Hugh’s prompt is to capture a picture that captures the essence of solitude. This is what Hugh says:

What do you think about when the word solitude is mentioned? For some, it can mean getting some valuable time to spend alone doing the crossword, to read or write, or maybe going for a walk on your own and taking in the sights and sounds of life. For others, it can have the opposite effect.

I’m not someone who enjoys the solitary. Even my walks are better with Dog. But the endless wonder of the sea seems to draw me in, allowing my mind to enjoy the freedom to imagine what’s out and beyond. If that is what people gain from solitude then maybe I understand its positives.

2014-07-25 17.30.37 2014-07-25 17.37.53

These are sculptures from Anthony Gormley that reside on Crosby Beach, outside of Liverpool. Called Another Place they have caused local controversy. To me they capture the two strongly contrasting emotions: the solitude of the sea, a place to think and be; and the loneliness of the isolation.

When I saw them, I was captivated. They seemed to encapsulate a calmness reflective of the wide sands and placid seas. But soon such thoughts gave way to a creeping anxiety, the solitude of the trapped. I thought of the Morecombe Bay Cockle Pickers, the poor souls lost in similar sands when the tide turned and they were stuck, like these iron men. I wrote a poem, trying to understand what I was feeling.

Iron Men

Sharp shapes stand sentinel

Guards of the horizon

Canutes in iron

Broody? Or dreaming?

No feature reveals their mood.

Just an illusion of calm

As the tide approaches

and laps at their feet.

Inexorable, the flood covers

all, slowly, powerfully


A cry is heard

from Morecombe Bay

floating along the Mersey coast.

Another time, another group

trapped by the self same tides.

Brooding? Thoughtful?

Hardly. Frozen by panic, concreted

into their glutinous prison.

The sea is not a muse

but a curse, death, a cruel deceiver.

Finally the surface is still.

Nothing disturbs the calm,

reflective, pacific sea,

lapping my shoes.

I still hear cries, now seagulls

and untamed children.

I turn for my car, carefully freeing my feet

with each step.

About TanGental

My name is Geoff Le Pard. Once I was a lawyer; now I am a writer. I've published four books - Dead Flies and Sherry Trifle, My Father and Other Liars, Salisbury Square and Buster & Moo. In addition I have published three anthologies of short stories and a memoir of my mother. More will appear soon. I will try and continue to blog regularly at about whatever takes my fancy. I hope it does yours too. These are my thoughts and no one else is to blame. If you want to nab anything I post, please acknowledge where it came from.
This entry was posted in challenge, photo challenge, sculpture and tagged , , . Bookmark the permalink.

34 Responses to solitude

  1. Ritu says:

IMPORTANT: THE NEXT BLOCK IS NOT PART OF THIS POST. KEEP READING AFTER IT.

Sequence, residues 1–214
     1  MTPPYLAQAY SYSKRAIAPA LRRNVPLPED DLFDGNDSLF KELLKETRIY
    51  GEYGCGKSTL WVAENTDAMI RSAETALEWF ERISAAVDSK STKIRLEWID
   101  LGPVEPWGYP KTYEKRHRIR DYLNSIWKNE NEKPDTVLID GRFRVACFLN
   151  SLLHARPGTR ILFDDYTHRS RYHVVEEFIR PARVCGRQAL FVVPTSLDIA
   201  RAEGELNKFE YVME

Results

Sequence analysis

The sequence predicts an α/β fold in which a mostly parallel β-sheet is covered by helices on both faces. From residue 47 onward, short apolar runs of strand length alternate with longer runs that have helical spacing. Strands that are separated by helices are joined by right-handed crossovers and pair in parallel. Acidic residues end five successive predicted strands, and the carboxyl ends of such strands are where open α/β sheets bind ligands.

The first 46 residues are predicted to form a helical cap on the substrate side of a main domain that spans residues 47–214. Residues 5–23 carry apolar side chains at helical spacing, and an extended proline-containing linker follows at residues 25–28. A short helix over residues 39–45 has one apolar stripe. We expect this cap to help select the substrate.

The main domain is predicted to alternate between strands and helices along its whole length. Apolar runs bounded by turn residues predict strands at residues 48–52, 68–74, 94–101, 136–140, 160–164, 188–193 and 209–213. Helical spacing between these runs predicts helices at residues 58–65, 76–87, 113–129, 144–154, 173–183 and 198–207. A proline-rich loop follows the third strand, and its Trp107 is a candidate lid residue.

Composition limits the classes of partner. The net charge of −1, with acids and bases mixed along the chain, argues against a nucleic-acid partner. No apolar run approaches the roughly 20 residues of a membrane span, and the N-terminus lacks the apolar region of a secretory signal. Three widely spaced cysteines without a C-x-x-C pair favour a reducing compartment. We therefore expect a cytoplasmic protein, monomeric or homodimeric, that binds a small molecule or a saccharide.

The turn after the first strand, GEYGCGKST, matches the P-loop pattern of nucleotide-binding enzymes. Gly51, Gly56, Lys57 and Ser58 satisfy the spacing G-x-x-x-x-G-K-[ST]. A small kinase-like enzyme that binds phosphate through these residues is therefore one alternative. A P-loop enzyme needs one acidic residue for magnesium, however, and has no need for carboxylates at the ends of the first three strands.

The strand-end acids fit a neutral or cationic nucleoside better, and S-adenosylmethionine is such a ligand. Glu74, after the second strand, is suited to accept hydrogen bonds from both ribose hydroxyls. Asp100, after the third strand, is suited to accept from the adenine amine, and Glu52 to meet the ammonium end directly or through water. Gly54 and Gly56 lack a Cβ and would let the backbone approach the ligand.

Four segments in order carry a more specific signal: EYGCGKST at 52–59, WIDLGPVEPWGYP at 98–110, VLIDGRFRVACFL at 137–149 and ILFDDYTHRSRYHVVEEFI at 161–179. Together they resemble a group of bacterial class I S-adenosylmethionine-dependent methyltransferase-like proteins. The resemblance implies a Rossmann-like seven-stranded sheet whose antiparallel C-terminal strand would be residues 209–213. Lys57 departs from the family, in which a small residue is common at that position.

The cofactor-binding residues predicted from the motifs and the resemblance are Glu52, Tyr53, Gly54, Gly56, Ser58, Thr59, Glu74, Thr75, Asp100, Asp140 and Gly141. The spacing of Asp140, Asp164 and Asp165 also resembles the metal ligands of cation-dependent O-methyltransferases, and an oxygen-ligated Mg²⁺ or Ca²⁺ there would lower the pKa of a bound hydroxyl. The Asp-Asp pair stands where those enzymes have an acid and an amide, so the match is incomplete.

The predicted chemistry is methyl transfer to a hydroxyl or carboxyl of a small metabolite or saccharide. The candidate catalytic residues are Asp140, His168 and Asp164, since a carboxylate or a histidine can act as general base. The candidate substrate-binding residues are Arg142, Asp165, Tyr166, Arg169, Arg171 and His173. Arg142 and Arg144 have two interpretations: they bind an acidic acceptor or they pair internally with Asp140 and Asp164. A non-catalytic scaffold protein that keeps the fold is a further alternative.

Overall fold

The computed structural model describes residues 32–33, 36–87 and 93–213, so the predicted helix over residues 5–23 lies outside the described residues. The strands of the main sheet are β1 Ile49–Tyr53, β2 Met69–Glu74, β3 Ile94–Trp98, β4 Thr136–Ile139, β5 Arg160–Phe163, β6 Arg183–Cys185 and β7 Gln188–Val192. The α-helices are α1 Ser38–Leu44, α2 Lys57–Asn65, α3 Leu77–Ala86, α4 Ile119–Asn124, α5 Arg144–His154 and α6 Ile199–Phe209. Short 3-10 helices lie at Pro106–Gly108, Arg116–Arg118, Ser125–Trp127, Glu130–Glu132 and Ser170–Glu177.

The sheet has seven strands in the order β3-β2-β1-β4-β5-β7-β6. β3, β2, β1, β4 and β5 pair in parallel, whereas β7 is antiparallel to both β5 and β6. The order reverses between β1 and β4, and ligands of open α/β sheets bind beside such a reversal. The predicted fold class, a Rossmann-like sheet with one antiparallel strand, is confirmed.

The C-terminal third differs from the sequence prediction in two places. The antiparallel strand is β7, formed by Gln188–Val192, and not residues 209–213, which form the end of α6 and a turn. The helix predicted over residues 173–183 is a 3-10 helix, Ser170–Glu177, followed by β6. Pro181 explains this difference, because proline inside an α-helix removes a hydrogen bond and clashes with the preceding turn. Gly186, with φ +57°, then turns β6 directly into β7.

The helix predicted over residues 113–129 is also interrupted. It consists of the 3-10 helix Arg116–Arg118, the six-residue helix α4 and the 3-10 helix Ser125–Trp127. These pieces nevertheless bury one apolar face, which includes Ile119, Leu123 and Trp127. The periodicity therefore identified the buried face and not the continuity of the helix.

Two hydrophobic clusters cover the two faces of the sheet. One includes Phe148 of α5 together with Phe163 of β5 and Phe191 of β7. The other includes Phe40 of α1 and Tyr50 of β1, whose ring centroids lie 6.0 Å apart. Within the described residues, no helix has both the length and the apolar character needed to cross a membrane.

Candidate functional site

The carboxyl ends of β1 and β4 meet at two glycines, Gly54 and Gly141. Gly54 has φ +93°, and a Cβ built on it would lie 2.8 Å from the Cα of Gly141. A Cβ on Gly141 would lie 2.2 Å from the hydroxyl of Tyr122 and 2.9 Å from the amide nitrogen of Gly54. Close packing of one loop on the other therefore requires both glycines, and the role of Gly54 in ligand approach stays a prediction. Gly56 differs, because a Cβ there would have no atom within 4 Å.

Perfect for the prompt!!!

    Liked by 1 person

  2. That prompt will raise many contrasting pictures I think – I may go over in a day or two and have a look! These figures are interesting too – to me they look ever so slightly apprehensive [something in the posture or am I relating too strongly to your poem?] If a statue of me were placed on the edge of the sea if would be very much an embracing and joyful gesture…. something about the sea draws and captivates and awakens me. But then I love my solitude and was probably meant to be a hermit. A hermit with a dog. 🙂 Great response Geoff!

    Liked by 1 person

  3. M. L. Kappa says:

    Haunting piece of art… Very strong and evocative. I love his work. And good poem, btw!

    Liked by 1 person

  4. A thought provoking post.

    Liked by 1 person

  5. Excellent, Geoff. And a good work of Gormley’s

    Liked by 1 person

  6. I remember seeing these statues scattered over the rooftops of some of the buildings in Central London. They caused quite a stir then.
    Great captures for the challenge, Geoff, and thanks for the poem.

    Liked by 1 person

  7. davidprosser says:

    Wonderful poem Geoff perfectly showed the plight of the cocklers.

    Liked by 1 person

  8. merrildsmith says:

    Wow, Geoff! When I saw the photos you posted here, I felt the way you first described. It is how I stand when we go to the beach (or to the Shore as we say here in New Jersey), gazing out at the sea. But then I started to think the first figure looked slightly apprehensive, as if searching for someone or something. It made me think of all the women who’ve waited for their men to return home from days at sea.
    I didn’t know anything about the Morecomb Bay Cockle Pickers. Your poem captures the tragedy perfectly.


  9. Sacha Black says:

    Awesome shots quite inspiring too

    Liked by 1 person

  10. These are fantastic. Not sure I understand the controversy. ?
    Love your poem. Those last two lines are beautifully done.

    Liked by 1 person

  11. Ali Isaac says:

    Great interpretation of the prompt, Geoff! Those statues are amazing! I have seen similar sculptures in forest settings, and here in Ireland, along major roadsides, but never in the sea. Enjoyed your musings, too.

    Liked by 1 person

  12. Charli Mills says:

    We have many places of solitude in north Idaho and it can feel both freeing and frightening. Sort of the same as your glimpse at the lonely sculpture on the sea.

    Liked by 1 person

  13. Wow, these are amazing Geoff, love them, and the sea too! Perfect for Hugh’s challenge. 🙂

    Liked by 1 person

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